Lessons Learned From a Paper Route
The paperboy is an American icon. We’re all familiar with the image of a young scamp on foot or pedaling a bike, delivering the morning paper and learning the value of a dollar. My paper route taught me much different lessons, ones which still drive how I approach my work decades later.
My route had me delivering a free advertising supplement for a suburban newspaper. If you’re in the Chicago area, you might know it as a certain Daily newspaper. Every week, my dad & I picked up a couple hundred bound papers from our contact and an equal number of red plastic bags. I spent a lot of Tuesday nights listening to R.E.M. or Rush and stuffing papers into bags. Wednesday after school, I slung a bag of papers over my shoulder and dropped one on the porch of every address on my list.
How did you get on the list? Everybody was on the list. How did you get off the list? Call the paper threatening to sue if they dumped another stupid paper on your porch and maybe they’d take you off the list. I wish I could say I had an idyllic relationship with my “customers”.
I made fifteen cents a paper. 200 papers was a couple hours of work, but $30 in my pocket before taxes. These were the days before widespread Internet access. Today, I’d be building websites or something. Back then, this was one of the few jobs available to a fourteen year old.
One fateful day
Part of the deal was every week someone from the newspaper drove around our territories to make sure we did our job. They assumed a certain number of papers were brought inside before they checked. But if it looked like you didn’t deliver enough of them, they wouldn’t pay. And one time, that’s exactly what happened.
The manager of a local store called up the paper. Someone dumped a pile of newspapers in little red bags behind his store, and he wanted to know when someone was coming to pick them up. The store was on my route, and only a couple blocks from my house. And by the time their driver verified my route, they didn’t see any papers anywhere. I was chastised and went unpaid for a week.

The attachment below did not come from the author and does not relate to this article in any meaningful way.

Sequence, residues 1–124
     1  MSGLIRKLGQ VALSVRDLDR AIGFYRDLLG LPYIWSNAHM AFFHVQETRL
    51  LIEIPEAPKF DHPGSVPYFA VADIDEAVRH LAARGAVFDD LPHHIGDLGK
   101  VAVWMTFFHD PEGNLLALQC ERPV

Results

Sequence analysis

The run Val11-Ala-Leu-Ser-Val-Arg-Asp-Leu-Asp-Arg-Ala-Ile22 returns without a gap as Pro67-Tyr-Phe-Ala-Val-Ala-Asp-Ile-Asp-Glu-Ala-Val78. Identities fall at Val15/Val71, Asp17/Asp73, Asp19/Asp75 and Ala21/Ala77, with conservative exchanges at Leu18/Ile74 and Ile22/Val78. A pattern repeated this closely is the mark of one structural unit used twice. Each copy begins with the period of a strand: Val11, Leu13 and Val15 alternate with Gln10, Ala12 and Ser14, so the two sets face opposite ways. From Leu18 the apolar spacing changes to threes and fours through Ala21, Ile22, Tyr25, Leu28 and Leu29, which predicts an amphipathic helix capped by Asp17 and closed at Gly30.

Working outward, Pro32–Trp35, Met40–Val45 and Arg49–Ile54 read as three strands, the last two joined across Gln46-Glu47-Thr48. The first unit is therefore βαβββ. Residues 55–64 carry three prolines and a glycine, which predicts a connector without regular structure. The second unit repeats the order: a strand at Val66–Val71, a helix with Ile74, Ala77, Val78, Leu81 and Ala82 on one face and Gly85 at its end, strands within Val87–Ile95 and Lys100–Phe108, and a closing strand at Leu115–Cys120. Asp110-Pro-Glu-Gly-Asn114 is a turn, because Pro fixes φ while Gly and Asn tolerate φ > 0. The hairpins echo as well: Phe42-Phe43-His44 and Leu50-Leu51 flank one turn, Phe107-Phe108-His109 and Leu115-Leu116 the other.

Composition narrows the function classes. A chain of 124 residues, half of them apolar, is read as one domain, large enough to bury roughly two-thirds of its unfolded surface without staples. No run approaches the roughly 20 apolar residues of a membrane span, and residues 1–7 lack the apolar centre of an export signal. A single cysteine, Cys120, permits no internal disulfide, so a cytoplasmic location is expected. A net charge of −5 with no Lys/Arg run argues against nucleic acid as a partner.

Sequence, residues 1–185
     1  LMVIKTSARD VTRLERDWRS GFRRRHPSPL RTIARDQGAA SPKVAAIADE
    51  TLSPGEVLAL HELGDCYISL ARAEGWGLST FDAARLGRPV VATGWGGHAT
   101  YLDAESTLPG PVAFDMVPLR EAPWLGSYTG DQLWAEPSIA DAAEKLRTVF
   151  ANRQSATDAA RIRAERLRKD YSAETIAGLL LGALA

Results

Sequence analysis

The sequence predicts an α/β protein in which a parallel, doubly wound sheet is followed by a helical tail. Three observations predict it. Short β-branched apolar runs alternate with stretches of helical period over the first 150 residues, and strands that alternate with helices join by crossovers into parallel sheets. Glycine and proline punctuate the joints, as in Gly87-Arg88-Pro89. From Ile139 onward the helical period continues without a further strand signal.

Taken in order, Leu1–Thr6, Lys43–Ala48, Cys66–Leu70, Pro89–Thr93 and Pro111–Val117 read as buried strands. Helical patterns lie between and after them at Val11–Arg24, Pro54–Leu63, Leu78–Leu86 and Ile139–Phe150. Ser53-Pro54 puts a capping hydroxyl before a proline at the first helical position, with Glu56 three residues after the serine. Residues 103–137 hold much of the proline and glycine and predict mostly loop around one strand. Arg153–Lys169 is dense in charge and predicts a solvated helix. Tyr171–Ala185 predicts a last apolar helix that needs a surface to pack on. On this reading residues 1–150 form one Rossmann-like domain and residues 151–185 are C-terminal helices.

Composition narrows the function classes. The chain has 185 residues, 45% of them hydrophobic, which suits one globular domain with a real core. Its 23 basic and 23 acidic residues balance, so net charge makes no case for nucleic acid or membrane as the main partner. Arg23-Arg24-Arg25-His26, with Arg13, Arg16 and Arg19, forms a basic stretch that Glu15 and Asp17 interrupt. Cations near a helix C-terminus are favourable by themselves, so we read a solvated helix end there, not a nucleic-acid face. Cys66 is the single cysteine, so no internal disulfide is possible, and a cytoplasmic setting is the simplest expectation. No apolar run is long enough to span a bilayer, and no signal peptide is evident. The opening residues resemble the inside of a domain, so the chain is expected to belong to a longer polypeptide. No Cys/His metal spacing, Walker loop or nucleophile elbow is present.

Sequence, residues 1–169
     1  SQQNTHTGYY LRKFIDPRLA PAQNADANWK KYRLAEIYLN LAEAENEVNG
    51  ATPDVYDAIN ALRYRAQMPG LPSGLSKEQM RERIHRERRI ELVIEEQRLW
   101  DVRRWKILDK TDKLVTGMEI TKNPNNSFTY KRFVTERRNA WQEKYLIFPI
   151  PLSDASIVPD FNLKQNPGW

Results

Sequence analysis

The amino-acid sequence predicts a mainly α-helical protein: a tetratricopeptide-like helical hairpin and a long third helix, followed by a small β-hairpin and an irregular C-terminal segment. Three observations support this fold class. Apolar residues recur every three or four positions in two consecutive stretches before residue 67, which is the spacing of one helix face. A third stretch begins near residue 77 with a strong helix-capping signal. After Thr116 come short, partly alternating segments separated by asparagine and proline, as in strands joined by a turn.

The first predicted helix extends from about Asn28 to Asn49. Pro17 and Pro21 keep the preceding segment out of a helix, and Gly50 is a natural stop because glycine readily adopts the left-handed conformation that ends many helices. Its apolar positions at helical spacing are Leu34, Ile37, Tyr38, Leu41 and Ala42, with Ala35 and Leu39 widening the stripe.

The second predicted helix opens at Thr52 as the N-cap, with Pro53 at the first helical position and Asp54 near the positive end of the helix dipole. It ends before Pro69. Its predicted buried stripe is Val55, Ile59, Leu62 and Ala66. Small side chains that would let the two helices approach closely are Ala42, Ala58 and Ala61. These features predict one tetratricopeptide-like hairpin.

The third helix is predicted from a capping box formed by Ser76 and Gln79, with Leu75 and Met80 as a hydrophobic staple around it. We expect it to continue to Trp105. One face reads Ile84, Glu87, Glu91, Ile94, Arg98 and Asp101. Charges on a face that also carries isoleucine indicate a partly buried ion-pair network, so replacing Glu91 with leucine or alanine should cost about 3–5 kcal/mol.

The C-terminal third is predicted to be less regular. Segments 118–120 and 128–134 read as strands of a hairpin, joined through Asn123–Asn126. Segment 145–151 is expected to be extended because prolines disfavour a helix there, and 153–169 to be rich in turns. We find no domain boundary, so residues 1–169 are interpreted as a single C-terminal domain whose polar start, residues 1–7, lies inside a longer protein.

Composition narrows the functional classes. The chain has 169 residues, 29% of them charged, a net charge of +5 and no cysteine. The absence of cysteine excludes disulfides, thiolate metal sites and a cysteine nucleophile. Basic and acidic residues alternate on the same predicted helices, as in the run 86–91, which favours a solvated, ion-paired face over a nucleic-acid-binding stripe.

I never found out who dumped the papers. Supposedly everyone else’s route was verified. So either another paper carrier found a way to cheat & not get caught, someone was saving up their unwanted papers to make a statement, or the whole thing was a lie and my boss wanted a way to get out of paying me for the week.
I gave up on the paper route after that. My Dad kept doing it for some reason, and gave me the paychecks no matter how many times I refused. But there was no point working for someone who could just arbitrarily take away my money for the week, especially after I worked hard for it. I wouldn’t be surprised if what they did was illegal, but I was fourteen so who was going to stand up for me?
That experience taught me about respecting myself at work, a lesson I’ve had to re-learn a couple times since then. But, it’s an important lesson. And anybody who would do that to someone isn’t worth respecting, whether they’re your boss or not.
It would be years before I learned of the Principle of Charity, but I certainly understood it that day. Never go into a situation assuming you know everything going on. If someone sounds irrational, or crazy, or like they’re outright lying to you, assume there’s something else going on until you’re proven otherwise. English might not be their first language. They may be having a bad day, and aren’t expressing themselves clearly. Or, let’s be honest, they may actually be trying to pull a fast one. Human beings are quick to judge, but we owe it to those around us to slow down and make sure we’re acting justly.
I guess it’s water under the bridge at this point. The newspaper is still around, and I’m doing better than ever. But every once in a while, I think back to this terrible experience and chuckle. I’m certainly glad my kid will grow up in a world with more opportunities for a young teen to make an honest buck, maybe even as their own boss. And I’m proud to have helped create that world.